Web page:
Minnesota police and fire forces bracing for early retirements

  • Article by: Nicole Norfleet , Star Tribune
  • Updated: December 8, 2013 - 9:02 PM

Change in pension rules could cause an exodus of experienced law enforcement officers.

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gopher68Dec. 8, 13 9:28 PM

The real challenge will be paying all of these 55-year-olds pension payments for the rest of their lives. Not saying they didn't earn it -- they sure did -- but even a $30K-a-year pension benefit will result in almost $1 million in payouts for the retiree and their spouse. It's going to be tough.

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jarlmnDec. 8, 13 9:38 PM

wow, Chief Harteau thinks her critical hiring strategy is "from a budgetary and diversity recruitment standpoint." Gee, I would have thought the critical strategy would be to hire honest, competent and professional-acting officers. And sheesh, a lot of these "retired" officers will get hireed-on the Metro Transit forces or like that, and soon be double-dipping. Look for the Union label....

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honeybooDec. 8, 1310:32 PM

Taxpayers need to brace for under-funded and mismanaged municipal employee pension funds, fueled by irresponsible politicians that over-promised benefits in exchange for votes. The only good news here is that the Detroit bankruptcy judge just ruled that municipal retiree benefits can be cut back when $ run out.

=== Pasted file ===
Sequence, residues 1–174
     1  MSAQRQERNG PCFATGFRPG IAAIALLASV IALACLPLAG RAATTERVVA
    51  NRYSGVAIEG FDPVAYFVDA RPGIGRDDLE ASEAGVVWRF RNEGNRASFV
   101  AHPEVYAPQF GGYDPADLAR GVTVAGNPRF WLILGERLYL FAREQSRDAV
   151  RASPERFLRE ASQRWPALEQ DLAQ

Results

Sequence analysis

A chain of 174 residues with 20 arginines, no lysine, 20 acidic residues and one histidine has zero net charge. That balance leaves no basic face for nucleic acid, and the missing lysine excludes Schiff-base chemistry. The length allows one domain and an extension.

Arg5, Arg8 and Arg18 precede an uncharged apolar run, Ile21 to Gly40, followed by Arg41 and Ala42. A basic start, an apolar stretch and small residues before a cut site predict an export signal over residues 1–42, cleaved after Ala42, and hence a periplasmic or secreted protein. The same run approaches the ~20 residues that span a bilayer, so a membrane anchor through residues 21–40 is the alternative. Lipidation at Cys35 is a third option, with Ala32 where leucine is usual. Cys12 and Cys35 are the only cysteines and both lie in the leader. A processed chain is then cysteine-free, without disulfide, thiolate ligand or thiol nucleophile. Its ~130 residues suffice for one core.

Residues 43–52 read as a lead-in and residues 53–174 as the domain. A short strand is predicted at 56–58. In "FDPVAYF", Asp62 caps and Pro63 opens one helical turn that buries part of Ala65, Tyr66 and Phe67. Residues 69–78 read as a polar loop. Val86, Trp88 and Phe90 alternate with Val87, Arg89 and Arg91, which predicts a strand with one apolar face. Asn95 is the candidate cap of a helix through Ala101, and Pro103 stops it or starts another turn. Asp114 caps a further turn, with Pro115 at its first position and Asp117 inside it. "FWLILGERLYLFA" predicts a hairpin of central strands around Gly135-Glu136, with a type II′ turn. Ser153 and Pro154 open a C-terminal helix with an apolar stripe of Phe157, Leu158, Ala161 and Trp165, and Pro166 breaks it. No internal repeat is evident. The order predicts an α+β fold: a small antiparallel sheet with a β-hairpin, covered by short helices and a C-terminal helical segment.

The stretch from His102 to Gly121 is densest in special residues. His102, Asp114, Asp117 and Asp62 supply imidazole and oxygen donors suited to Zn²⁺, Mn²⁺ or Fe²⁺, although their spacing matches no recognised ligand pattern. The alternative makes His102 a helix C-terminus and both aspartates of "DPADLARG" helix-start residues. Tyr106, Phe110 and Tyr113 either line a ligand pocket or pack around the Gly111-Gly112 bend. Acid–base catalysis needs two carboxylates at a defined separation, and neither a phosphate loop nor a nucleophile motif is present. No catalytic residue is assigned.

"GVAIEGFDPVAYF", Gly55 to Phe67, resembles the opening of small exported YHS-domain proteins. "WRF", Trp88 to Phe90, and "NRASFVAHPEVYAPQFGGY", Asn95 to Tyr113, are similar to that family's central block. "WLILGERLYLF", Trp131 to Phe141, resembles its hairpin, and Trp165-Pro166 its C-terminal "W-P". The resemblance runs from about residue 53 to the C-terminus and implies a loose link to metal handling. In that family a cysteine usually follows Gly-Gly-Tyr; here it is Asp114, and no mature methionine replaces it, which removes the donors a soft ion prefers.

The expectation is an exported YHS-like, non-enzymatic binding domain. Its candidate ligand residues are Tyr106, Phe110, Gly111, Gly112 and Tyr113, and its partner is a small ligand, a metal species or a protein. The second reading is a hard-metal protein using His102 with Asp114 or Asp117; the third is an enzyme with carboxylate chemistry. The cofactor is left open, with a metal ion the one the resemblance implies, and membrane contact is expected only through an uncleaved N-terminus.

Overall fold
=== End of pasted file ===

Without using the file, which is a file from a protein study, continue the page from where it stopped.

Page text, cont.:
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ciamanDec. 8, 1310:44 PM

Just where were the people whom are supposed to look down the road to see masses retiring all at once? Who made those zany decisions to almost force out the best officers with the most experience?? And Paul Monteen says he sees no problem. They will hire with no trouble? Really? You cannot buy experiene, sir, or did you forget that one? I would love to sit down and talk with that talking head...and the Federal Government went through the same thing starting in 2003 and on. All of the best workers retired while they were under Civil Service rules that gave the best pensions and the great retirements benefits. Once they left, you should see the loss of quality people whom replcaced them. Just awful. I saw it and I saw all of it. So will you, sir.

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carlbsDec. 8, 1311:33 PM

Good luck. The purge of union working men and woman will continue. Retire. Hope you got a pension. Woops. The city decided that your pension is null and void because a rich guy decided it didn't fit in with his plans. Careful who you vote for.

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carlbsDec. 8, 1311:54 PM

Dude, think about it. You accept a job, often a dangerous one, that has defined benefits. You take a lesser salary for promises of a pension. It's part of your "package". You put in your time, and do your job with honors, and then the GOP decides to lawyer up and embrace a governor who has pledged to destroy your promised pension? Ok, then give me a lump sum for the years I've worked that the "said" pension was part of the bargain! I worked for years for this at a reduced salary. And I don't care what you've paid your executives for doing basically nothing. Actually we should care. Make it right or go home. Fight for your deal or fade away.